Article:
Most Japanese schools have classrooms connected by outdoor hallways.
Tomb painting of a red dancer.
The Jain religious tradition traces its origins to the first jina or conqueror, Adinatha, whose name means the original lord. Adinatha is accepted as the first of 24 tirthankaras, human beings who conquered desire and anger to reach a state of complete liberation. The 24 tirthankaras demonstrate that all beings have the potential to achieve liberation by following the path of absolute non-violence.
A photo of Chairman Mao in military uniform greeting Red Guards at the outset of the Great Proletarian Cultural Revolution.
The yaksha guardian, Matanga, sits on a grand elephant who has knelt to offer his back as a seat for the yaksha. The sculptor has placed a lotus bud in the trunk of the elephant to show his docile nature in the presence of this yaksha protector.
Image taken at the wedding ceremony of Prince Akihito and Shoda Michiko. The prince deviated from previous tradition in marrying a woman of his own choosing.
Photo of a view of the great wall through a portal as a guard would have viewed it.
Sepia-toned photo of snow-filled crevice in the Great Wall.
High-end rice cookers for sale in a department store.
A display of childrens books at a bookstore in a Tokyo department store.
Pocky, a very popular treat all around the world, was created in Japan.
Among Konoe Nobutada's masterpieces is this six-panel screen that includes a waka poem - energetically inscribed in oversized kana - surrounding a sensitively brushed ink painting of a cypress grove. Recent scholarship has attributed the painting to Hasegawa Tohaku, based on a stylistic comparison to the brushwork and artistic expression of his famous Pines in Mist. - John T Carpenter
The scroll, almost fifteen meters long, was designed to be viewed section by section. Delicate silver cranes dance across a golden shore, gliding through clouds of gold, sometimes in graceful formation, other times frolicking. The lavish gold and silver under painting, attributed to Tawaraya Sotatsu, captures the eye first, however it was not intended to be viewed as a self-sustaining composition, but rather as a background to highlight the darlky inked strokes created by the calligrapher's brush. Boldly inscribed by Hon'ami Koetsu in his distinctive calligraphic style, the texts include famous court verses, one by each of the Thirty-six Immortal Poets 0 famous poets of ancient Japan. - from text by John Carpenter.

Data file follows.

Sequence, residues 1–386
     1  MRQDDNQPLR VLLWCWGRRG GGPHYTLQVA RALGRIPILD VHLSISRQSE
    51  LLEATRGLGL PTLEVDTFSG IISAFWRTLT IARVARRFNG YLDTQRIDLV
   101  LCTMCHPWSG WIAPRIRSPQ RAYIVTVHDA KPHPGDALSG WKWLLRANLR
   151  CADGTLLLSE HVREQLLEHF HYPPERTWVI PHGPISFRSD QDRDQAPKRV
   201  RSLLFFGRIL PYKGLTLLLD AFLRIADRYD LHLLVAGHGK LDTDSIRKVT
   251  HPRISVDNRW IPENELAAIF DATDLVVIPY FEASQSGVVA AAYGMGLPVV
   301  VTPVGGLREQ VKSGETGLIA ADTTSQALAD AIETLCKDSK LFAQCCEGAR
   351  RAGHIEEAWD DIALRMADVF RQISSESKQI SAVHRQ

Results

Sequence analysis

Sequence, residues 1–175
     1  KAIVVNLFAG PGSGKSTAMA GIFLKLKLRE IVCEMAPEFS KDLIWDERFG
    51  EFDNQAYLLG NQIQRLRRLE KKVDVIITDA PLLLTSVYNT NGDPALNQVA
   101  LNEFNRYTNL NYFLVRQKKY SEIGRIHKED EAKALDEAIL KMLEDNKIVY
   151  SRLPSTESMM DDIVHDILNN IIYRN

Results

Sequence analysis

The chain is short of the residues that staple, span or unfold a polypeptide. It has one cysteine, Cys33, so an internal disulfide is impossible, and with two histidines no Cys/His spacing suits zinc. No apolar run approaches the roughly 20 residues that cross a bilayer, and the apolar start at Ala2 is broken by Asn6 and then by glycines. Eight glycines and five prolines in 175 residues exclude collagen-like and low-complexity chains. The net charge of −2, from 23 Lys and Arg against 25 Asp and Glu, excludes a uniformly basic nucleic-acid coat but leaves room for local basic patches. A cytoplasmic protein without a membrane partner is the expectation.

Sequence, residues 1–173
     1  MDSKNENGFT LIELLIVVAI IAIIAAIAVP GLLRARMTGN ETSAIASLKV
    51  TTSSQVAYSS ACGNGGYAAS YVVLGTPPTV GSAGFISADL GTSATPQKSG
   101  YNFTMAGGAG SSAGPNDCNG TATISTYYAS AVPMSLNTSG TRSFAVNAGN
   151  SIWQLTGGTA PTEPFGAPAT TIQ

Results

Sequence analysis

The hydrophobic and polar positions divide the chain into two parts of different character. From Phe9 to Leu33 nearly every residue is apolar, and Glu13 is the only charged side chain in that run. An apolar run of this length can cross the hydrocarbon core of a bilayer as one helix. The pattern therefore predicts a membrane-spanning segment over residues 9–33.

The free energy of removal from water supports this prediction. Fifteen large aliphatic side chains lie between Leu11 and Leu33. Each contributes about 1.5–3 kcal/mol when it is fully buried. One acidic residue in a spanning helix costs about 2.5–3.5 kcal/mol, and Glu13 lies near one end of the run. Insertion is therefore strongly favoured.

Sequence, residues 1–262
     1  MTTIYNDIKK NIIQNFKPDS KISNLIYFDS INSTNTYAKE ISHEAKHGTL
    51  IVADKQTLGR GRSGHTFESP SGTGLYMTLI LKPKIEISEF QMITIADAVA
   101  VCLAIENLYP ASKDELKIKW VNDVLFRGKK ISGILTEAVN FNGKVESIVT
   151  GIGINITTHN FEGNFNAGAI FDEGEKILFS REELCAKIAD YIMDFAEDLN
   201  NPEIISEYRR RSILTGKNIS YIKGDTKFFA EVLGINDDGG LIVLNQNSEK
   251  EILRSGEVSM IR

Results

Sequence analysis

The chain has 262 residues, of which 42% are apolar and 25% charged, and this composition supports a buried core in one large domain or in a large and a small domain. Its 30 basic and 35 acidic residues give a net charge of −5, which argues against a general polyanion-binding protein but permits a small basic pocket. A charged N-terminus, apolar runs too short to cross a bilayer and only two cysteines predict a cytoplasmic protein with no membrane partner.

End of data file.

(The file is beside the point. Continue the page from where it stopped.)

Li Hongzhang, one of the prominent ministers under Prince Gong during the late Qing Dynasty, concerned with provincial reform; also assigned to go to Japan and negotiate with the victors there after the victorious maneuver on the part of the Japanese in Shandong, 1895.
Late 17th - early 18th century work produced at the official Nabeshima clan kiln in present-day Saga Prefecture.
A blend of Western and Japanese style clocks for sale at a general store.
Bronze vessel dating to the 16th-17th centuries, copying an archaic vessel. The surface is artificially patinated to give it the appearance of old age, and colored surface accretions are visible.
Portrait of General Charles "Chinese" Gordon, dressed here in robes presented by the Emperor, who led the Chinese army to victory against the Taipings.
Expressing anti-American sentiment, American flags were painted on sidewalks to be trampled and defiled during WWII.
Portrait of Qiu Jin, a "spirited radical" woman and supporter of Sun Yat-sen's Revolutionary Alliance.
In the Heian period, the fragrance of aromatic wood was enjoyed by members of court society. The appreciation of incense became formalized in the Muromachi period, and many varieties of monko, literally listening to the incense" were established. Throughout the Edo period, enthusiasts of this widely popular game included members of the warrior class. This set of incense utensils is decorated with such plants and flowers as bush clover, chrysanthemum, peony, camelia, iris, and bamboo arranged in circular motifs in slightly raised gold takamaki-e lacquer." - Suzuki Norio
Bundai (writing table) and suzuribako (writing utensil box) decorated with a combination of bamboo, paulownia, and the phoenix. The background is done using a technique known as nashiji, similar in appearance to the skin of the nashi, or Japanese pear, in which metal flakes are suspended in lacquer.
A lacquer likeness of Mt. Fuji at a Fuji shrine
Photo of window looking out onto a section of Suzhou's beautiful gardens, dating to the Ming dynasty.
Buddhist monks with novice at the turn of the century.